Fragment Based Drug Discovery is a new approach for Drug Discovery and Development by which fragment screening is performed to find new interesting fragments that can be developed into lead molecules. Recent research at Linnaeus University has been performed with the purpose to develop WACTM as a new technique for this particular application. WACTM represents an affordable, accessible and reliable fragment screening technique that requires standard HPLC equipment.
When new pharmaceuticals are developed, knowing which proteins/enzymes that are involved in the process causing the disease is essential. With this knowledge the pharmaceutical chemist tries to design a molecule that can regulate the activity
of the disease related proteins (target proteins), so that the symptoms of the illness are reduced or eliminated.
A relatively new way of developing pharmaceuticals is to use so called fragment based screening. This technology depends on having a library of many small molecules (fragments) that represent a broad selection of chemical structures. By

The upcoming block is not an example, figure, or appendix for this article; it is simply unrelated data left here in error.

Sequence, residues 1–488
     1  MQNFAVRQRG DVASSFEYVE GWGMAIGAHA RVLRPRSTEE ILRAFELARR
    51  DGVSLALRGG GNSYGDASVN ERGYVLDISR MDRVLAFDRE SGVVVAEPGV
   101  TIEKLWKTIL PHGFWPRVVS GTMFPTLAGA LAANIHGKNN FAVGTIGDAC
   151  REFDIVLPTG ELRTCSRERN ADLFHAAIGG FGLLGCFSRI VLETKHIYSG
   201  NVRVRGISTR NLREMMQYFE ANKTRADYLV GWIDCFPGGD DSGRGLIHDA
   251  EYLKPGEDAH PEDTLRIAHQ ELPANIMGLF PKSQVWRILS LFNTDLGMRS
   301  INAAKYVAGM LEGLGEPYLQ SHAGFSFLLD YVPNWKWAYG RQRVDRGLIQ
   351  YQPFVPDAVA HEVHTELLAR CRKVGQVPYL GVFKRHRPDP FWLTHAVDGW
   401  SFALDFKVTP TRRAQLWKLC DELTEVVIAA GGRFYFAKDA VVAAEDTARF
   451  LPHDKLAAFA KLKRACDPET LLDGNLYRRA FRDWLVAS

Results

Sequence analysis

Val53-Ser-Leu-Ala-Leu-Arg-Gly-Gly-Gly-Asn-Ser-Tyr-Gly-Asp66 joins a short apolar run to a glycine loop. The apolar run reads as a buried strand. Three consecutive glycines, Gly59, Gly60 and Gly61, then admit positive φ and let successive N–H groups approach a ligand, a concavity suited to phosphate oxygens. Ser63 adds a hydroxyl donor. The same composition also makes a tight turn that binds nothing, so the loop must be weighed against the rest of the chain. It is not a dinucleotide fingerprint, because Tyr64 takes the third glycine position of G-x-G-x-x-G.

searching through (screening) the fragment-library for molecules that bind to a target protein one can find structures that then are combined or developed to drug candidates.
Due to their modest size, the fragments often bind with low affinity with KD values in the mM-µM range. It is therefore necessary to use methods that are sensitive enough to detect these weak bonds between the fragment molecule and the target
proteins during fragment screening. It is common to use a combination of techniques to find useful fragments. New fragment screening methods that can complement the existing ones are of great interest.
The objective of Dr Minh-Dao Duong-Thi’s and Dr Elinor Meiby’s recently published doctoral dissertations at the Linnaeus University in Kalmar was to introduce the technology Weak Affinity Chromatography (WAC) in Drug Discovery and Development
for fragment screening and assessment of progressive fragments.
WAC is a method based on HPLC where the target protein is immobilized onto the support material of a column. While passing through the column, the molecules that do not bind to the target protein in the column pass quickly through the column
while the molecules that bind to it will be delayed. From this delay the affinity (kD) can be determined. This technology has considerable advantages; it is fast and robust, it can be performed on mixtures of molecules such as stereoisomers
and one can get information about affinity from a single sample of the analyte even with very weak binding in the mM range.
Minh-Dao’s complete doctoral dissertation.
Elinor’s complete disertation.
Open access article: Fragment Screening of cyclin G-associated kinase by weak affinity chromatography.